The state of Florida is urging the U.S. Supreme Court to reject a bid by voting rights advocates to lift a stay on a lower court's ruling that allowed Florida felons to regain the right to vote, regardless of unpaid fines and other financial obligations.
Earlier this month, the Atlanta-based 11th Circuit Court of Appeals agreed to review a ruling in May by a Tallahassee federal district court judge that ordered the state to give hundreds of thousands of felons access to the ballot box under a voter-approved initiative known as Amendment 4.
The appellate court has scheduled a hearing on the matter for Aug. 18, the same day as Florida’s primary. The deadline to register for that election is July 20.
In its written response filed Tuesday, lawyers for Republican Gov. Ron DeSantis, argued that "all Floridians will be irreparably harmed if the district court’s patently erroneous injunction is reinstated, enabling hundreds of thousands of ineligible voters to take part in the upcoming elections, one of which is only a month away.”
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The case could have broad implications in a state that is expected to play a pivotal role in the presidential race. An estimated 774,000 disenfranchised felons represents a significant bloc of voters, should they be allowed to cast ballots.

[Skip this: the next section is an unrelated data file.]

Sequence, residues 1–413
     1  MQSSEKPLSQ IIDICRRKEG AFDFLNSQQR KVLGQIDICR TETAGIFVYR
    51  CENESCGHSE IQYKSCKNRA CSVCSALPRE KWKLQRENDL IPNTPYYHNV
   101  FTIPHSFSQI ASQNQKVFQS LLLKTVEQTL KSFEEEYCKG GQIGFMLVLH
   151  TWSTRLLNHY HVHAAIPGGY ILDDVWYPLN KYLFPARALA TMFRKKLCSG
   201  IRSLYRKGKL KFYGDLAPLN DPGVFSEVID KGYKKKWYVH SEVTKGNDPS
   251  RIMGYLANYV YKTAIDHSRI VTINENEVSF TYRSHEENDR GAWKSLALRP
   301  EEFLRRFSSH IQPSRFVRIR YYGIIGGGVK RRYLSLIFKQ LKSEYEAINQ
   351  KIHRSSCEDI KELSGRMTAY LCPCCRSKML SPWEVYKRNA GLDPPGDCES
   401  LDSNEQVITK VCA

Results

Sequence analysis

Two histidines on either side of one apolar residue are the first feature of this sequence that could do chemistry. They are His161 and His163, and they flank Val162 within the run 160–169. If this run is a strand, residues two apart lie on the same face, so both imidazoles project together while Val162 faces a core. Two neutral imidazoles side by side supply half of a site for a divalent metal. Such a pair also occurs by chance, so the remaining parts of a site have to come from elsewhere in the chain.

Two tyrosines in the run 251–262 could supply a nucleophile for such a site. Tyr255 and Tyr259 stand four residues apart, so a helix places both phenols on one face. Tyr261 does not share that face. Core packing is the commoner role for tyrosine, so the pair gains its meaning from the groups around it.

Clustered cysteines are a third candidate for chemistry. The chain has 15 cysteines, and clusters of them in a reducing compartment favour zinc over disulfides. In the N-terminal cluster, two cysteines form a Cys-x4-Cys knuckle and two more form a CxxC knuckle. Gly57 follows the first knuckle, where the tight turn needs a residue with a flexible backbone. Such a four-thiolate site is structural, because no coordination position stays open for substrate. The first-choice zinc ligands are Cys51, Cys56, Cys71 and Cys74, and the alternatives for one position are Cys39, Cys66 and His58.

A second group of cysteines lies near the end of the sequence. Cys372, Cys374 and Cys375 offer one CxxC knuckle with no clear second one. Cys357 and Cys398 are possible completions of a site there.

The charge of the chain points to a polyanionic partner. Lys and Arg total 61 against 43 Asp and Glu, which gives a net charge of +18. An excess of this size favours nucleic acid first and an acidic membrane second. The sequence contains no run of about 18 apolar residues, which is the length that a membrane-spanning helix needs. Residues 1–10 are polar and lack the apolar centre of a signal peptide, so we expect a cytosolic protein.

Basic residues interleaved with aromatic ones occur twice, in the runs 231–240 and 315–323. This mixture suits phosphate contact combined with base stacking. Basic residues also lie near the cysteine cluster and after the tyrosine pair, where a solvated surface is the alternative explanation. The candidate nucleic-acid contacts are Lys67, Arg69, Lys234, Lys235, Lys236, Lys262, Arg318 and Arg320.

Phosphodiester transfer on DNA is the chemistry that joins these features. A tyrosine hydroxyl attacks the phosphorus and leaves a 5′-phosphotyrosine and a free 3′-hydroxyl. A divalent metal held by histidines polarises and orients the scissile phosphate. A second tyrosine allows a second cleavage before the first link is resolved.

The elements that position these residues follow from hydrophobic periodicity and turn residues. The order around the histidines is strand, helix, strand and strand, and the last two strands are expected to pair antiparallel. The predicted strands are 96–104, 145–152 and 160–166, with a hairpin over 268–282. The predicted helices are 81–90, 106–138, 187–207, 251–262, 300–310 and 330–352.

Supreme Court Justice Clarence Thomas, one of the high court's most conservative members, is handling the request.
It was unclear how quickly he will make a decision, but voting rights advocates say there is urgency in the matter because of next week's registration deadline for the August elections.
In 2018, Florida voters overwhelmingly approved Amendment 4, which returned voting rights to most Florida felons who had completed their sentences. But who could vote came under immediate question when DeSantis signed into law last year a Republican-crafted bill that stipulated that, in addition to time served, all legal financial obligations such as unpaid fines and restitution would also have to be settled before a felon can be eligible to vote.
Voter rights advocates immediately sued the governor and the state.
In his ruling in May, District Court Judge Robert Hinkle said Florida lawmakers had devised a “pay-to-vote system,” and he ordered the state to allow many Florida felons to vote — regardless of any outstanding legal debts.
Hinkle’s ruling said state elections officials couldn't possibly review the hundreds of thousands of voter registration applications that could arrive ahead of the state’s August primary and the November presidential vote. During earlier court proceedings, he called it an “administrative nightmare.”
DeSantis appealed Hinkle’s ruling, and the 11th U.S. Circuit Court of Appeals in its entirety agreed to hear the governor’s appeal and to stay the lower court ruling.
Amendment 4 permanently bars convicted murderers and rapists from voting, regardless of financial debts.